A space where we can use our skills and talents at creating wellbeing to support other wellbeing creators and let ourselves be supported too.
Since moving to Melbourne over two years ago, I knew I didn’t want to exhaust myself with running monthly sessions as I did in the UK, so I chose to take a different approach and took things very slowly.
Very organically, a small Creating Wellbeing Melbourne group formed. I kept meeting people who were passionately promoting wellbeing and creativity in the community but needed a space to concentrate on their own creativity and wellbeing (like me!). We decided to meet on a bi-monthly basis at one of our homes.
A year on, and before The Blueberries emerge, we reflected on how the group has been for us, it’s future and how we can help others create similar groups in their communities.
How it’s been
First, we chose images of what Creating Wellbeing has meant to us as individuals.
Creating Wellbeing is like having a warm cup of tea with friends.
It’s the sun coming from behind the clouds that’s what we’ve all been doing – showing each other our sunshine.
CWB is snuggly and cosy like a koala. I find it very relaxing and chilled out.
It’s like a crystal twinkling in the sunlight, moving slowly and reflecting light and energy.
We chose these words to reflect the purpose, atmosphere and result of our group:
Purpose: “Sharing ideas, perspectives and heart.”
Atmosphere: “Accepting of all you are.” Result: “Coming back to what makes me feel good.”
We chose objects to represent how we see the group progressing.
Everyone trusts our evolution will happen naturally to fit the needs and lifestyles of those involved. It may expand, help others set up similar groups or simply continue as we have been. For now, we’ll continue with our bi-monthly sessions and use the Facebook group to connect with the wider community, sharing useful resources and events.
The pencils are our Creating Wellbeing community; I see the possibility of other groups meeting in a similar way
The bike paperclip means I want it to continue going forward and being held together.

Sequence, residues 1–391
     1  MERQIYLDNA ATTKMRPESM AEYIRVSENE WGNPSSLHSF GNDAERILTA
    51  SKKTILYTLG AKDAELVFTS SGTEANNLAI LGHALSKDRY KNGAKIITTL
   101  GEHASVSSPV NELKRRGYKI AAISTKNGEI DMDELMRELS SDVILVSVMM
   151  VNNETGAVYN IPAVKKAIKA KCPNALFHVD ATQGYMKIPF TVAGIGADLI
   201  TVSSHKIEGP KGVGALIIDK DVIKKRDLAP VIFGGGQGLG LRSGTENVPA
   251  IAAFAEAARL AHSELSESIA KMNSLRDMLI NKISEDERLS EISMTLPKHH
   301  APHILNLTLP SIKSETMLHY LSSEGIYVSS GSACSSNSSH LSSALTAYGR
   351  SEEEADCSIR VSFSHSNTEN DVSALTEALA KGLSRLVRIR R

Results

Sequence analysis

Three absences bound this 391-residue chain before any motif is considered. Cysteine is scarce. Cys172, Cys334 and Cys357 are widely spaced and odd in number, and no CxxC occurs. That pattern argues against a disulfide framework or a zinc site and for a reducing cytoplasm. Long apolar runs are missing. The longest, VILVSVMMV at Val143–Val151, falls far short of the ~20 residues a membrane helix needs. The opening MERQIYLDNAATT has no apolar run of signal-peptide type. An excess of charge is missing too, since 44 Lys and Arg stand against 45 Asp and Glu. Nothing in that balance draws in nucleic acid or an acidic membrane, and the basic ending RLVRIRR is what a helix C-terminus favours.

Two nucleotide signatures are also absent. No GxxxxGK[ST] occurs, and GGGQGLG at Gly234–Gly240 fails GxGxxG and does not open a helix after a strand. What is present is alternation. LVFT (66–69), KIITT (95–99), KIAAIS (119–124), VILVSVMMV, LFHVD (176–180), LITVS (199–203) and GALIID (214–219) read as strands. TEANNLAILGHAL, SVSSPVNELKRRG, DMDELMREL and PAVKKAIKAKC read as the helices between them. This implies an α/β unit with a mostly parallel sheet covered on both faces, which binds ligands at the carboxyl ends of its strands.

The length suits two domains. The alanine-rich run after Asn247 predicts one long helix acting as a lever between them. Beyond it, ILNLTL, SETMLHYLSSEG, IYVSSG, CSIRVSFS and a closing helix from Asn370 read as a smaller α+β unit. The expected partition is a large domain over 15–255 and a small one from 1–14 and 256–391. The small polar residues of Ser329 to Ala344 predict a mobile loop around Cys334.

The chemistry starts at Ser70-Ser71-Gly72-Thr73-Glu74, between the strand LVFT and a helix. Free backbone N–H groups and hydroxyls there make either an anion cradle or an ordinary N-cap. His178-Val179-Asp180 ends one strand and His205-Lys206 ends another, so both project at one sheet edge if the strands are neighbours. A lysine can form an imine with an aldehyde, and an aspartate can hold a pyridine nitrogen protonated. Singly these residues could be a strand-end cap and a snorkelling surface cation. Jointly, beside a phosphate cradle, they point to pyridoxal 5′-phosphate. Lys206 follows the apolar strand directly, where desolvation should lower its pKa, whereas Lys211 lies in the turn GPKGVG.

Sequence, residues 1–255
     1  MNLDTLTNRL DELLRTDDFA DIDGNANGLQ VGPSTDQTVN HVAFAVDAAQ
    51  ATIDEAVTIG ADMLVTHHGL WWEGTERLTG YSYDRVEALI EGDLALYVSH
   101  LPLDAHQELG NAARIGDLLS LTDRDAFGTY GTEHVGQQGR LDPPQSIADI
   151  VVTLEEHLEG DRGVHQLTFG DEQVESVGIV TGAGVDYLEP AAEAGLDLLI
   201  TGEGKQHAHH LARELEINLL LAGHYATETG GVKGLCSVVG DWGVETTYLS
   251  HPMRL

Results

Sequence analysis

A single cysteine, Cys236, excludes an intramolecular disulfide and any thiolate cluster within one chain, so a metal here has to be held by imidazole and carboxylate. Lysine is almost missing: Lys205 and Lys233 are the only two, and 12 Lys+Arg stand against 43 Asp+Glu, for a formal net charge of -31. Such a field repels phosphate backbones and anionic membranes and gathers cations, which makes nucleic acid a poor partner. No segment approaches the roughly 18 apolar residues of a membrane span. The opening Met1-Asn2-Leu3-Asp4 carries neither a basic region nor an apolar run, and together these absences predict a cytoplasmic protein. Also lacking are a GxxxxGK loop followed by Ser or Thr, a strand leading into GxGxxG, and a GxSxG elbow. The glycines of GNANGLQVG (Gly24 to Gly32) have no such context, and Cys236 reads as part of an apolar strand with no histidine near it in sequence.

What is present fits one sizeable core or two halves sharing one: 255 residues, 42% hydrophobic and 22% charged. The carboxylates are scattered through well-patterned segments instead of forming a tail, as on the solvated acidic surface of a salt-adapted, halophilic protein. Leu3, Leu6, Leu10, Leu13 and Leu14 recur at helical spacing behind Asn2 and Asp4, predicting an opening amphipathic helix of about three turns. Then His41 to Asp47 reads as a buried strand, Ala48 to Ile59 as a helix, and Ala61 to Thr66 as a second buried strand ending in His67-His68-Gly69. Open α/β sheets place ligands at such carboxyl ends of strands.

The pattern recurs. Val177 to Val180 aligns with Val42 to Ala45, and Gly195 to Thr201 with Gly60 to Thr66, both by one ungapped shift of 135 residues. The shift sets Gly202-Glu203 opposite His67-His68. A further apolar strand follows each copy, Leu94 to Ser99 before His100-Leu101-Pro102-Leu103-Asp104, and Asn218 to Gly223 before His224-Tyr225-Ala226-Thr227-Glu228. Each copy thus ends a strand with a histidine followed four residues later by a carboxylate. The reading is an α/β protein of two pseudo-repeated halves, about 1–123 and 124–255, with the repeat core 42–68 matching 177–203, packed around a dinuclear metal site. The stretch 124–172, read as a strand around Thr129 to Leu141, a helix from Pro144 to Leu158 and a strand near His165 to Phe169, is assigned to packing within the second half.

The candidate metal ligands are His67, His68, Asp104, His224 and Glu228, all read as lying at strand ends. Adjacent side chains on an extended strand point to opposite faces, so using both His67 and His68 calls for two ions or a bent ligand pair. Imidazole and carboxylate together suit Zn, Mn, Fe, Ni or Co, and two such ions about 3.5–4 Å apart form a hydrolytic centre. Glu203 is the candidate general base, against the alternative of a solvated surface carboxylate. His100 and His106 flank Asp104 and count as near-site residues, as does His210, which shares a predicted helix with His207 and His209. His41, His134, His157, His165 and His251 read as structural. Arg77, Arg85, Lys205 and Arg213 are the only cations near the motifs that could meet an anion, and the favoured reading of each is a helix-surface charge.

Tape can be used for lots of different things; a bandaid to fix wounds, to build or create things, to connect things together. I’d like to see CWB continuing in those fashions.
The goddess flower garland represents a sense of play and sacredness. I hope it continues in the same spirit; balancing lightness with a serious side.
Creating something similar?
If you’d like to start a group of your own, we feel the following are key ingredients to success. Of course, this is just what worked for us, for you it may be different.
Decide: Have a whole session (or few!) dedicated to defining your purpose. Then what atmosphere and result you want to create with the group.
Keep it simple – get together over some food, an activity, it doesn’t have to be complicated.
Close it:Although this made me uncomfortable at first because I felt Creating Wellbeing should be something that is accessible to and benefits all people far and wide, it was important to close the group at 10 people. In contrast to a drop-in structure, I didn’t need to advertise between sessions to ensure people came. Closing it also meant the group grew to know and support each other in a deeper way.
I felt able to be vulnerable, myself and real.
Share it: Sharing the organisation, hosting and facilitation from the beginning was integral for responsibility not to fall to one person. Miraculously and naturally, at the end of each session, someone volunteered to run the next one. They then set up a doodle poll to find the most suitable date and time. Being bi-monthly, we knew far in advance when the next one would be. Although the group did reflect that I still played the role of ‘instigator’, sending messages between sessions to check-in and remind of the next one, this was not at all stressful because someone else was always organising, hosting and facilitating. Some people in the group felt all groups need an instigator to keep it together, however, we’re going to experiment with using a closed Facebook group where we can create events and receive automatic reminders of the next session.
Be flexible: “Understanding that sometimes it was better just to nurture myself and not go.”
We were all clear from the start that noone should feel obliged to attend sessions. We are a core group of 10 and had between 4 and 8 people at every session. We all felt that everyone who was at each session was meant to be there. If attending was not conducive to someone’s wellbeing, we would rather they put their self-care first and didn’t come.
I missed a couple but I remember when I did turn up to a session having not been it actually didn’t matter: The right people turn up, it’s a slightly different dynamic each time and that’s really lovely.
Please do share on the Facebook group if you’re thinking of starting, or have already started, a community wellbeing group.
(First set of photos from